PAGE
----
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Sport mode and Tow Haul are two mutually exclusive things. Sport mode uses completely different, and MUCH simpler shift logic, even from regular Drive. There is no grade logic for going up and down hills. It shifts based on significantly fewer parameters, mostly just throttle angle, speed, and current gear position. Putting the trans in S makes pressing the Tow Haul button completely useless, it literally does not work in S mode, even though for some reason the light will come on anyway. Drive and TH are the recommended settings for towing anything heavy. TH changes torque converter logic, shift maps, trans line pressure, and throttle tip in, all to make towing easier on the truck and on the driver. S mode does not do any of these things, regardless of whether or not you press the TH button, it completely overrides it. Let the transmission shift (in Tow Haul), it has six gears for a reason.

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Originally Posted by riccnick View Post
Sport mode and Tow Haul are two mutually exclusive things. Sport mode uses completely different, and MUCH simpler shift logic, even from regular Drive. There is no grade logic for going up and down hills. It shifts based on significantly fewer parameters, mostly just throttle angle, speed, and current gear position. Putting the trans in S makes pressing the Tow Haul button completely useless, it literally does not work in S mode, even though for some reason the light will come on anyway. Drive and TH are the recommended settings for towing anything heavy. TH changes torque converter logic, shift maps, trans line pressure, and throttle tip in, all to make towing easier on the truck and on the driver. S mode does not do any of these things, regardless of whether or not you press the TH button, it completely overrides it. Let the transmission shift (in Tow Haul), it has six gears for a reason.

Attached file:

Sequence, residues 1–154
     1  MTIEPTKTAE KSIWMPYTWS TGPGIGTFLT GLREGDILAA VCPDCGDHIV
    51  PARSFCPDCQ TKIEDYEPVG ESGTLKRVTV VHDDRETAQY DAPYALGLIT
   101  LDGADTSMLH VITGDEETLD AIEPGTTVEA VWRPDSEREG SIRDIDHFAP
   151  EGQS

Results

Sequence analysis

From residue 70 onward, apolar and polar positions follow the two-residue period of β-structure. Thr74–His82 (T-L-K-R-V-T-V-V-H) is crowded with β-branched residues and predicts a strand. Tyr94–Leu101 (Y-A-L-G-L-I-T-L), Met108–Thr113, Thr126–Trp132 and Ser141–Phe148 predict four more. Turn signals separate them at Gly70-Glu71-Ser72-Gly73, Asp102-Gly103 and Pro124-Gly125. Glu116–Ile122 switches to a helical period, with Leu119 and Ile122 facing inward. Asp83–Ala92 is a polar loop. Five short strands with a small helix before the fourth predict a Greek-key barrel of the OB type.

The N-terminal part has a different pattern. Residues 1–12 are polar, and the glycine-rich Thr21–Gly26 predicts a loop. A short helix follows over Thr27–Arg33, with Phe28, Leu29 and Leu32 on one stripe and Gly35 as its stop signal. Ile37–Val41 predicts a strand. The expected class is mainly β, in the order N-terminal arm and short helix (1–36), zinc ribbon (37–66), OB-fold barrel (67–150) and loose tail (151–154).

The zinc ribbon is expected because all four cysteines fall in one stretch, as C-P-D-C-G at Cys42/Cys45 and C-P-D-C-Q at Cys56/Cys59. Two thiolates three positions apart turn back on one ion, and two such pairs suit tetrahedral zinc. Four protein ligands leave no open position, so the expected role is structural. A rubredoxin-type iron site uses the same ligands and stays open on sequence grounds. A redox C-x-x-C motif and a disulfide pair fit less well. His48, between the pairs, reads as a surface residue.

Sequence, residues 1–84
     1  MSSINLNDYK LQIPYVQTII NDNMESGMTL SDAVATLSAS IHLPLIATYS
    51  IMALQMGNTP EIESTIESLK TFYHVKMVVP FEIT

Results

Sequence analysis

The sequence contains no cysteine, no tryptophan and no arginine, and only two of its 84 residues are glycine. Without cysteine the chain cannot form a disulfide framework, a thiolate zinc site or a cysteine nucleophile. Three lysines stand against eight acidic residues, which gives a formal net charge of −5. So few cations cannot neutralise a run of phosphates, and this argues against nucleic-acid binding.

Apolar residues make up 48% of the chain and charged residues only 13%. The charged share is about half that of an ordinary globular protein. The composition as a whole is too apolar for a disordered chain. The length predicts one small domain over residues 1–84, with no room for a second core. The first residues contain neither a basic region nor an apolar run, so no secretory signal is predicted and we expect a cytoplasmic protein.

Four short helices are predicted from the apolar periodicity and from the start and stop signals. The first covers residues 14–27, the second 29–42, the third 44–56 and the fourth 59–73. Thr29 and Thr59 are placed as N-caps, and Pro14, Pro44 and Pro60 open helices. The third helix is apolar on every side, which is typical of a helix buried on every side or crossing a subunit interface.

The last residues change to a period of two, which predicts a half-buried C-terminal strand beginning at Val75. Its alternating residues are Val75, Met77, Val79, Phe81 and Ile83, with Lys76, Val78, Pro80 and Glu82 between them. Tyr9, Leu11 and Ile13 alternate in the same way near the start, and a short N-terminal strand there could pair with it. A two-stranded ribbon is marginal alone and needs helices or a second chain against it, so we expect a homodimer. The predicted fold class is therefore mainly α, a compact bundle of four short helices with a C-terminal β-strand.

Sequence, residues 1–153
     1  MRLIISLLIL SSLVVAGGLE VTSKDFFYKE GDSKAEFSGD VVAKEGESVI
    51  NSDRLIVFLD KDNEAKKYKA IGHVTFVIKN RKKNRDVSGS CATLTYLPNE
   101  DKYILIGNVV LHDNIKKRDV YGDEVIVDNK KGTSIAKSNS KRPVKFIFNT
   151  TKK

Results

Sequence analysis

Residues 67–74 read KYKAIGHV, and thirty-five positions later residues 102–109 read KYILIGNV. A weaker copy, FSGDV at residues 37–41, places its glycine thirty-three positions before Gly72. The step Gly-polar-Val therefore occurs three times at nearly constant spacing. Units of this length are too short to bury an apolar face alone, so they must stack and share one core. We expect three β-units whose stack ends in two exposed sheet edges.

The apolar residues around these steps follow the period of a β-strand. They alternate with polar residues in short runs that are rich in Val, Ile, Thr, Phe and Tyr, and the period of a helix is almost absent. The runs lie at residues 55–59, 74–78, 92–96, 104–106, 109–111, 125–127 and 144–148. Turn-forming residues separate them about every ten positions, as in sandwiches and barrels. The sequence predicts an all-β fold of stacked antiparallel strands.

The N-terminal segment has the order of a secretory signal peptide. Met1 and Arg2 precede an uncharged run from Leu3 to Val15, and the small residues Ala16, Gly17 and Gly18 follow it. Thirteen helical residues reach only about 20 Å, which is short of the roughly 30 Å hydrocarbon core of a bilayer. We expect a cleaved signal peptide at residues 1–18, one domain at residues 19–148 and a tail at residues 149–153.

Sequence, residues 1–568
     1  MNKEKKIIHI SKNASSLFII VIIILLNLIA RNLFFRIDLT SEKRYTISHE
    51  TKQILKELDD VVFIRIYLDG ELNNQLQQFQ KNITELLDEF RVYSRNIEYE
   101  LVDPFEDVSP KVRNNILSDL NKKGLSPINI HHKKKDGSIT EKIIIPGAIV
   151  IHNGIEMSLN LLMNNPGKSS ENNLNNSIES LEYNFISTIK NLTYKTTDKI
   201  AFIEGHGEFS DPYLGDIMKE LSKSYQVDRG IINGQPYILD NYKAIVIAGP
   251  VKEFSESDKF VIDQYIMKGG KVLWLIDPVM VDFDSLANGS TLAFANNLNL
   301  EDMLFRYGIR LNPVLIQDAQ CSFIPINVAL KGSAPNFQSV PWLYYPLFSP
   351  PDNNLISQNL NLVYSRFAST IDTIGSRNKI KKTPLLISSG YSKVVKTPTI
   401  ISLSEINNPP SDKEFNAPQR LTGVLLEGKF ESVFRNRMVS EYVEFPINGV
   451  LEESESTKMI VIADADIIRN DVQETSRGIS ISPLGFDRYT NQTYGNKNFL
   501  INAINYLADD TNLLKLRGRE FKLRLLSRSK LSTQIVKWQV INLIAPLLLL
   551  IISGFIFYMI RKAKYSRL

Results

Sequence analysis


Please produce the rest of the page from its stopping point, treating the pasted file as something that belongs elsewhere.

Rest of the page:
I did not see anyone stating or implying T/H and Sport mode were related.

None the less, its good info for the OP.
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post #13 of 21 (permalink) Old 05-17-2017, 03:47 PM
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Advice: Get yourself a https://www.amazon.com/Trailer-Aid-T.../dp/B000I4JPZE.
Makes changing a flat tire on a loaded trailer a breeze. Last time I had a flat on my loaded car hauler (in the rain) it took me less than 10 minutes to change the flat and that included alomst 5 minutes it tool me to find my breaker bar and torque wrench. Just last week I used my TrailerAid when I greased the wheel bearings in the EZ Lube hubs on my trailer. Sure as hell beat hauling out my floor jack, metal plates, etc.

If you have an Android Tablet and/or phone you might consider getting the Torque App and using it to monitor your Tundra when towing. There are a number of Torque App threads on the forum if you are interested in this, Just do a search. I use it to monitor my Tundra's RPMs, Coolant Temp, Tranny Temp and Torque Converter Temp among other things when towing.